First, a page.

Posts Tagged ‘Matthew E White’

Natalieprass

The album was written, the tour scheduled, the pieces all in place. It had been almost two years since Natalie Prass’ self-titled debut garnered rave reviews for its luscious, baroque-pop sounds. At the end of 2016, the singer-songwriter’s sophomore follow-up was almost ready to be released. Then the election happened.

“I had a record ready to go,” Prass says. “And I scrapped it.”

What followed was a trying time for the Richmond, Virginia, native, full of soul-searching, dark thoughts, and a protracted fight with her (now former) record label. But Prass was insistent. “I can’t release a neutral record right now,” she says. “I need to contribute to the conversation.” Her determination and focused songwriting has finally led her to her new album, The Future and the Past.

It’s been three-and-a-half years since Prass’ debut, and her newest effort has her returning in fighting form. She once again worked with producer Matthew E. White and the Spacebomb House Band, who are quietly earning a reputation as one of the best house bands around. Prass’ gorgeous orchestral strings are back, but with a smaller role this time around. Instead, she’s rummaged through the thrift shops of music history, dusting off artifacts of funk and soul, Brazilian tropicalia, indie folk, and bedazzled LA rock. The result is eclectic, fun, and thoroughly groovy — a polished statement of raw feeling.

“Oh My”:
At the time I was writing these songs in 2016 and 2017, right after the election, I was pretty raw and feeling so many emotions. The news was just pounding down on all of us. It was a lot to handle and feeling like my life was changing and the country was changing and the world was changing really quickly.

So, I would go to my little rehearsal space — I shared this shitty rehearsal space with metal dudes for a while. I would go there in the morning time when there were no metal people playing and lie on the floor and cry. Read, write, play piano for a little bit, and cry. I felt like it was my responsibility to try and put some positive energy into the world and talk about things that were very real. The only thing that was hard about it was convincing the label I was with at the time that it was a good idea, because they were not into it at all.

“Short Court Style”:
So, “Short Court” was already gonna be on the other record. For that one, I already wrote the music for a short film called Oh Jerome, No that was written by Teddy Blanks and Alex Karpovsky. They asked me to write the music for it, and I wrote maybe five or six tunes for that little short film. That was the opening track, the montage, without lyrics or anything. Then when the short film came out, people were hitting me up like, “Where do I get that song? I need that song.” So, I was thinking, “Oh, I should just write lyrics to this and make it an actual song I can put on my record.” Usually, the melody and chords come to me pretty effortlessly, and then I start building from there. Usually, when I co-write, I have people who help me fill in lyrics and help me put my thoughts together. Usually, the chords and the melody are what I feel most confident about.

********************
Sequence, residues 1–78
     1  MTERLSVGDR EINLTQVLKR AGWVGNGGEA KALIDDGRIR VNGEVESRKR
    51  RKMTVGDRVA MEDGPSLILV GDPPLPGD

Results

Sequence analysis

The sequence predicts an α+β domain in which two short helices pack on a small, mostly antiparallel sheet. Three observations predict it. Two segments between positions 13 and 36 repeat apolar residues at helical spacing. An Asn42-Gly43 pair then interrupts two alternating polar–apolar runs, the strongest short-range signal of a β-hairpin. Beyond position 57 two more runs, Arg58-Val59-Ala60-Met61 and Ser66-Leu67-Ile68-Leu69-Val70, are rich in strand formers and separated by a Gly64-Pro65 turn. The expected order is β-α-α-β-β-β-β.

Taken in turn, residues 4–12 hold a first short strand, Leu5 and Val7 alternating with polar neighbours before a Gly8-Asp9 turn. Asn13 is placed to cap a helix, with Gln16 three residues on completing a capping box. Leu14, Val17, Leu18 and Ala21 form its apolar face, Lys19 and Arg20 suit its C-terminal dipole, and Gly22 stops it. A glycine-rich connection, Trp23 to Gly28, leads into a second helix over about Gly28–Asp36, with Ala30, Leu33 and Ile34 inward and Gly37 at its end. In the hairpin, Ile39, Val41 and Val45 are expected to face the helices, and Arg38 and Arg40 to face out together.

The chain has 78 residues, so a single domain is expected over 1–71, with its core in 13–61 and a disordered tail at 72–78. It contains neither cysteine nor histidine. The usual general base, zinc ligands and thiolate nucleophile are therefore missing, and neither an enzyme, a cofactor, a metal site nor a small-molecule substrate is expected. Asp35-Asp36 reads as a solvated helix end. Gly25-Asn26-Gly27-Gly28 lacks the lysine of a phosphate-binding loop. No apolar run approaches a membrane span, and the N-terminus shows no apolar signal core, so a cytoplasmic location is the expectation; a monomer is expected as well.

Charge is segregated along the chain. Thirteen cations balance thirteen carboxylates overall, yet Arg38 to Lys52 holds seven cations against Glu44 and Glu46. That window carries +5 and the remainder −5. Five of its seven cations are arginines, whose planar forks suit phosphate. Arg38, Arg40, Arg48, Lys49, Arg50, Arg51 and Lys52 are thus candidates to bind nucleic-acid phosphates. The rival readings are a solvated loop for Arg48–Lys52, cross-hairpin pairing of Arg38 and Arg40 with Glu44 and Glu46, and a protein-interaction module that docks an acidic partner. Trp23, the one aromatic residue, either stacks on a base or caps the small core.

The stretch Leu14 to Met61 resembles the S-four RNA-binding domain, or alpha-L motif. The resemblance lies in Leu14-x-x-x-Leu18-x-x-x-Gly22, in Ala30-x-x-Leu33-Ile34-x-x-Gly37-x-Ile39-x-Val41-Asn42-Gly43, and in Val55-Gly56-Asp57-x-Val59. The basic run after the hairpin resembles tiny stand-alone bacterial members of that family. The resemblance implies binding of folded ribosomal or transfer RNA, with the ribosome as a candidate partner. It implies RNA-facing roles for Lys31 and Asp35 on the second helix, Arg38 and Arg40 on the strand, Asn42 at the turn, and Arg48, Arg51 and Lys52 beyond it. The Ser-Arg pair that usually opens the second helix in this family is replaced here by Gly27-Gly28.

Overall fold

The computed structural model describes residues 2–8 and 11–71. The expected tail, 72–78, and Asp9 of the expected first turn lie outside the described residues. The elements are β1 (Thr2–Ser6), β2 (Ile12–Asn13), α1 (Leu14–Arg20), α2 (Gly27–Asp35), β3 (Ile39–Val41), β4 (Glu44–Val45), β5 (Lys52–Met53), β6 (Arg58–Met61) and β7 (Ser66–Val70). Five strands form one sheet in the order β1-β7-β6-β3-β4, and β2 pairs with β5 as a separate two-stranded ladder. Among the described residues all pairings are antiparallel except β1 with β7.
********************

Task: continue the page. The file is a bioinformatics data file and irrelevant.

“Interlude: Your Fire”:
It’s funny, I didn’t intend for that to be split up. Everybody was like, “”The Fire” should be a single, but we need to split up that intro and make it a separate track,” and I was like, “No!” But I get it. It was intended to be all one piece, but it’s kind of cool; a lot of my favorite records have interludes, so I was like, “Ok, ok, I’ll split it up.”

“The Fire”:
I wrote a version of that song in Nashville with my buddy Mikky Ekko. We wrote that a long time ago, and then I couldn’t remember how it went.  That song was on an old laptop that died. I’m really bad with technology, so when a computer dies I’m like, “Well, that’s it.” But that one…I went from memory, and kind of re-wrote the whole thing. I thought it was a good story of feeling in-between, of knowing you need to get out of something but feeling stuck at the same time. The whole…the future and the past… stuck in-between, very much in the present – knowing what has happened and what led you here – But what’s going to happen in the future?

“Hot for the Mountain”: